“I guess what I’m saying is that I’ve seen, in his leadership of the chamber, his same big-picture approach to doing what’s best for the state that I saw when I worked with him in close quarters in the crucial role of budget debates in the late 80s and early 90s,” Sullivan added.
What happened in 1989
Sullivan and Brinegar first crossed paths following the 1988 election that shook up politics in more ways than one: not only would there be a Democrat as governor for the first time in decades, but the House had an even 50-50 split and the Senate had the slimmest of Republican majorities.
Democrat Evan Bayh’s election also signaled a new era for Republicans after several terms under fiscally conservative leaders who reined in spending impulses. For legislators going into the 1989 budget-writing session, it was a chance to act upon years of pent-up demands.
“There was an almost unrestrained appetite on the part of both Democrats and Republicans in the Indiana House of Representatives to spend and spend and spend like there was no tomorrow,” Sullivan said.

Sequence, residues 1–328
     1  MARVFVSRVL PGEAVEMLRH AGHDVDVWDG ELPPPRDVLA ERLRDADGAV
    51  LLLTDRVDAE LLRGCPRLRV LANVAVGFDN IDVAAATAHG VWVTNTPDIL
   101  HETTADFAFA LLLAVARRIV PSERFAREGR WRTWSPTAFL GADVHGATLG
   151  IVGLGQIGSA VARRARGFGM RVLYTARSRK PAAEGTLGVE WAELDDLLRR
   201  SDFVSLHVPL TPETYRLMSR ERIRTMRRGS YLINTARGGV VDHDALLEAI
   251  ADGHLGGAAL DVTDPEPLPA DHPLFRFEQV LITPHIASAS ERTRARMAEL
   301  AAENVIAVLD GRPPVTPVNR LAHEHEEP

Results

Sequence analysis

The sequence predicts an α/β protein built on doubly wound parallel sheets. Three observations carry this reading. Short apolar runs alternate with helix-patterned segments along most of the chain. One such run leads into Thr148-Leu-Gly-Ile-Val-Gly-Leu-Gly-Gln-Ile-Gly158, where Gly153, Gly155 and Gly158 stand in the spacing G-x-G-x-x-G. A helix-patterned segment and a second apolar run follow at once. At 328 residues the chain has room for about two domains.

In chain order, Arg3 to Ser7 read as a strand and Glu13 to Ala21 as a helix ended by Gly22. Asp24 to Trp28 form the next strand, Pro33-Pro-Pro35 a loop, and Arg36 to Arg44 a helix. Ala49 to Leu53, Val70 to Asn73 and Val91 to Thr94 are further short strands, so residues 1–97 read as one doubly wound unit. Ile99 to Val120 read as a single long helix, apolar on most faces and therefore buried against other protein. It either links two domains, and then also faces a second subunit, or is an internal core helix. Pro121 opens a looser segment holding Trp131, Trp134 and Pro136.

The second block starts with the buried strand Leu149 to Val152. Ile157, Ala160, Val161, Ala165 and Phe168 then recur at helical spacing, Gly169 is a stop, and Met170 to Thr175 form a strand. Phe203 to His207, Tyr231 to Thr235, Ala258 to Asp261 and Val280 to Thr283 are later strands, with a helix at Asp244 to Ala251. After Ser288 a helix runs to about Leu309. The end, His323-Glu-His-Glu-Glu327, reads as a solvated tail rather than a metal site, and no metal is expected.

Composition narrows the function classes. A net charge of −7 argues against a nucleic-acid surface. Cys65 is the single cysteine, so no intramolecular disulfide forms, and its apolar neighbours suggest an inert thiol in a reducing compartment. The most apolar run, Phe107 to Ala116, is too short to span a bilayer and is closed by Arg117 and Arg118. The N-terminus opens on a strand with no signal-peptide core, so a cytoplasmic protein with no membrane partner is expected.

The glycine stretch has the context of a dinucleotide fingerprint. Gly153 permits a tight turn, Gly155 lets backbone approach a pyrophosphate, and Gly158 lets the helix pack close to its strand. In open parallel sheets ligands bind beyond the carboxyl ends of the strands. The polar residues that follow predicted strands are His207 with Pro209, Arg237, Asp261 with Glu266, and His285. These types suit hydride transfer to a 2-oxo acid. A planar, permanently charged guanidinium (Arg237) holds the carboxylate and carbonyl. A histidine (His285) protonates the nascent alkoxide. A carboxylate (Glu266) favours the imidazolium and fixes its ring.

Bayh named Frank Sullivan as his budget director and it was during this time that Sullivan started a yearslong friendship with Brinegar, who was by then a fiscal analyst with the Indiana Senate Republicans.
“We could not have had a more closely divided political situation,” Sullivan said. “We were both operating in this intensely competitive political environment and the intensely uncertain fiscal environment.”
“And despite all of that, I found — though Keven Brinegar and I were of opposite political parties and had quite opposite political interests — I found him to be, at all times, incredibly professional (and) always looking out for the best interest of the state,” he continued.
That didn’t mean that there weren’t any “political tricks,” Sullivan said.
The House passed a bloated budget with unprecedented education spending but most believed the more fiscally restrained Senate chamber would enact something more reasonable.
“There had been a pattern of years where the House would send a higher level of budget and then the Senate would cut it back and negotiate,” Brinegar agreed, noting he’d started his term with Senate Republicans a few cycles earlier.
“I was concerned that, if the Senate was too harsh, that it might hurt them in the election and they already had a narrow margin. And the new governor wouldn’t say a word — he didn’t say whether he liked it or disliked this budget,” Brinegar said.
Brinegar said either he or one of his Senate bosses had the idea to just pass the budget as-is, with no amendments, so it’d go straight to the governor’s desk.
And they did just that, forcing Bayh to veto it and call for a special session.